With a history almost as long as that of his arch enemy and a similar cultural reach to the Caped Crusader himself, it seems odd that so little is known about the Joker.
Having first appeared in 1940’s Batman #1, he has gone on to appear in thousands of comics, on television in both live action shows and animated shows, in blockbuster movies, video games and pretty much everything else you can possibly think of e.g. toys, merchandise, posters, mugs, fridge magnets, etc.
Everybody knows certain things about him – the psychotic clown get up, the weird love/hate relationship with the Dark Knight – but that’s about it.
The character’s past has been purposefully kept vague, with the multiple different origin stories he gives in “The Dark Knight” film characteristic as the various different explanations for his madness and scarred appearance that have cropped up in the funnybooks. His motivations are similarly vague, with the occasional reference to his belief in chaos or anarchy. Of course, the most memorable modern day interpretations of the Joker includes the late Heath Ledger’s in Christopher Nolan’s “The Dark Knight” trilogy.
And we can assume, as well as the upcoming “Suicide Squad” one, to be played by Jared Leto:
It’s safe to say that Jared Leto certainly has big clown shoes (pun totally intended) to fill for his role in “Suicide Squad”, because Heath Ledger.
That aside, the known facts of the character are immediately iconic: he’s insane, he grins, he has green hair, wears a purple suit and make-up and revels in ruining Batman’s day, but there are equally a number of supposed known truths about the Clown Prince Of Crime that even the most ardent of Batman fans regularly get confused by.
Here are 7 things you didn’t know about the Joker:
1. More than one person was credited for the creation of the Joker
Jerry Robinson, Bill Finger, and Bob Kane are credited with creating the Joker, but each man had their own version of the character’s conception and their role in it. Elements of the character’s roots include a photo of actor Conrad Veidt as Gwynplaine (a man with a disfigured face, giving him a perpetual grin) in the 1928 film, “The Man Who Laughs”, which was seen by Finger, and a joker playing card provided by Robinson. Finger said that he was also inspired by an image in Steeplechase Park at Coney Island, and Robinson cited his 1940 sketch as the source of the Joker’s design. Although Kane adamantly refused to share credit for many of his characters (and refused to credit Robinson until Kane’s death), many comic historians credit Robinson with the Joker’s creation and Finger with the character’s development.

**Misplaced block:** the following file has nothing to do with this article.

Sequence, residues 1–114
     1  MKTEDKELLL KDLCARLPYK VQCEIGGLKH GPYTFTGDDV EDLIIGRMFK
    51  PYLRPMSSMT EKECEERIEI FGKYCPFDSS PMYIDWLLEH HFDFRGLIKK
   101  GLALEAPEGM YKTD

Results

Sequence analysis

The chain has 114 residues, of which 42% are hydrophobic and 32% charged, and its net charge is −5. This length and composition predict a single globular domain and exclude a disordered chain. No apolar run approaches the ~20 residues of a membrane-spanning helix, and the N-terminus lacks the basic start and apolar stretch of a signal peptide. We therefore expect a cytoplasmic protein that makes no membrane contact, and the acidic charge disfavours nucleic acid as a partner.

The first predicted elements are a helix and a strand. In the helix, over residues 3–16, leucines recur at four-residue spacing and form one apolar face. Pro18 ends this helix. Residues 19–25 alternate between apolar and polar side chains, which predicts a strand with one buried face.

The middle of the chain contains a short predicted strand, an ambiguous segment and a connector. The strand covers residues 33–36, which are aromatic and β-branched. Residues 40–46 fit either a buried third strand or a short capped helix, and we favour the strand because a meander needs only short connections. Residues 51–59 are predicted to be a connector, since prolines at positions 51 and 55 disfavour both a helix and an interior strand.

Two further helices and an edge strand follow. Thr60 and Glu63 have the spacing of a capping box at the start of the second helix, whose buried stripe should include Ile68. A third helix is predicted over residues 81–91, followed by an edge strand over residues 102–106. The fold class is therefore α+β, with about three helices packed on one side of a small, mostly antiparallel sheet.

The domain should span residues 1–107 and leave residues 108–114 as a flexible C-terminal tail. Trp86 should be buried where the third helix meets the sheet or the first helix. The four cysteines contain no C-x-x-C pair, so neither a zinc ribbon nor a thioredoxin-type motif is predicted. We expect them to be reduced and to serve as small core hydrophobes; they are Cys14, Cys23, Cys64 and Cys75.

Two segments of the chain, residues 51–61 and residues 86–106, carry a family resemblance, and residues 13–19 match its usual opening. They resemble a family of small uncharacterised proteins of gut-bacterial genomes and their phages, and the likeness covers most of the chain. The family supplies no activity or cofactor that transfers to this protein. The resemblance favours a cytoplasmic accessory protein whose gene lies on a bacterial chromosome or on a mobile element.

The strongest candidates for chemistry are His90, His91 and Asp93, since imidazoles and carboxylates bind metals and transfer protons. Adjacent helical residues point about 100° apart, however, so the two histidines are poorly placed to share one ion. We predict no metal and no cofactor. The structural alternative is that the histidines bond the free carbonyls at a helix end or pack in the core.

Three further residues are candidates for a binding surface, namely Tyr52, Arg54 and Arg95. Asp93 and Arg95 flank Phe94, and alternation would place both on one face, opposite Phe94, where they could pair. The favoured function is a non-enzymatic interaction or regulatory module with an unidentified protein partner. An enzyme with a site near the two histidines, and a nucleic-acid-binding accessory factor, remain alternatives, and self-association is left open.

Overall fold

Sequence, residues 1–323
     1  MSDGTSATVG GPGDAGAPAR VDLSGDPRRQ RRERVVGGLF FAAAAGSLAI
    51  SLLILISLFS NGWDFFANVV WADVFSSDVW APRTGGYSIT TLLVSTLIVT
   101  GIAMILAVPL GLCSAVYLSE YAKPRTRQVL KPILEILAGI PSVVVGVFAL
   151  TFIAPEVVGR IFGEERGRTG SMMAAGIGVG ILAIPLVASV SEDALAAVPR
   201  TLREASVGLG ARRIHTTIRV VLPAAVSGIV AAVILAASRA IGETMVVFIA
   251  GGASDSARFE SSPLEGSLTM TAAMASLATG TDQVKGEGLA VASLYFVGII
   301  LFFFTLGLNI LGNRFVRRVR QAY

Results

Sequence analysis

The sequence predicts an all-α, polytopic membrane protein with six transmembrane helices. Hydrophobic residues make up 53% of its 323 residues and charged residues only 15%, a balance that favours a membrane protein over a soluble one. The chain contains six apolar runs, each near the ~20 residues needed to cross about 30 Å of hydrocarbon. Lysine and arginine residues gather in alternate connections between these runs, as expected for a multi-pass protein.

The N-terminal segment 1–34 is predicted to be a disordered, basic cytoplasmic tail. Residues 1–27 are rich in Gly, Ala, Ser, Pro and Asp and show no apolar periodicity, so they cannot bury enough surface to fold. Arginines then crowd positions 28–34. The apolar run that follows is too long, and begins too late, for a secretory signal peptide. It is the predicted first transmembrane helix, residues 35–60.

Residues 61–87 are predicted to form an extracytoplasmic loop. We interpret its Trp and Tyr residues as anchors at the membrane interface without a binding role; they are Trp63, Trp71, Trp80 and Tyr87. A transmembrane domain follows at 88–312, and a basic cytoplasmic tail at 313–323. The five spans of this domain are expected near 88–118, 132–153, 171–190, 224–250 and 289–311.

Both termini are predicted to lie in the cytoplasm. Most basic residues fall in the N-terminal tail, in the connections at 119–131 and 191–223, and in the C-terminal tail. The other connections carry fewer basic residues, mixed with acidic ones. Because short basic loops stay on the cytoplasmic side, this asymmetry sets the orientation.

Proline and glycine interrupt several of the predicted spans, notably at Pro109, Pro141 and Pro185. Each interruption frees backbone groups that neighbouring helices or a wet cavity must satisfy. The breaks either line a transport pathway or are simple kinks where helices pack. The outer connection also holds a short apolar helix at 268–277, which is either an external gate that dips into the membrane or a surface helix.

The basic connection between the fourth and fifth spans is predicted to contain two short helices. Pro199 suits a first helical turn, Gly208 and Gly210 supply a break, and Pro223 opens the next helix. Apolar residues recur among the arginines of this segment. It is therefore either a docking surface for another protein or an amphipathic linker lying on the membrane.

2. He was going to die in Batman #1 (25th April 1940)
The Joker debuted in Batman #1 (1940) as Batman’s first villain, shortly after the latter’s debut in Detective Comics #27 (May 1939). Now arguably the best super villain of all time, the Joker first appeared as a remorseless serial killer, modeled after a joker playing card with a mirthless grin, who killed his victims with “Joker venom”: a toxin which left their faces smiling grotesquely. Eew. But Batman creator Bob Kane was ready to kill off the evil jester in his very first appearance. Bill Finger, too, wanted the Joker to die because of his concern that recurring villains would make Batman appear inept. So, as with many of Batman’s early villains, the plan was to have the Joker die through some fatal accident – in this case, stabbed in the heart. Luckily, Batman editor Whitney Ellsworth saw his potential and forced Kane to include a panel showing the Joker coming back to life.
3. They told the Joker’s life (origin) story, but only in 1988
The Joker has had various possible origin stories during his over 7 decades in publication. The most common story is in “Batman: The Killing Joke” (1988), which was built on the Joker’s 1951 origin story, portraying him as a failed comedian pressured into committing crime as the Red Hood to support his pregnant wife, Jeannie. You see, the man who will eventually become the Joker was an engineer who quit his job at a chemical company to become a stand-up comedian, only to fail miserably. Desperate to support Jeannie, he agreed to guide 2 criminals through the chemical plant he previously worked at so that they can rob the card company next door. During the planning, the police informed him that his wife has died in a household accident. Then, at the plant, Batman’s interference caused him to leap into a chemical vat, which disfigured him. This, combined with the trauma of his wife’s death, made him to go insane and become the supervillain. However, the Joker himself said that this story may not be true and prefers his past to be “multiple choice”. In Tim Burton’s “Batman” (1989), the name Jack Napier was used as the character’s real name.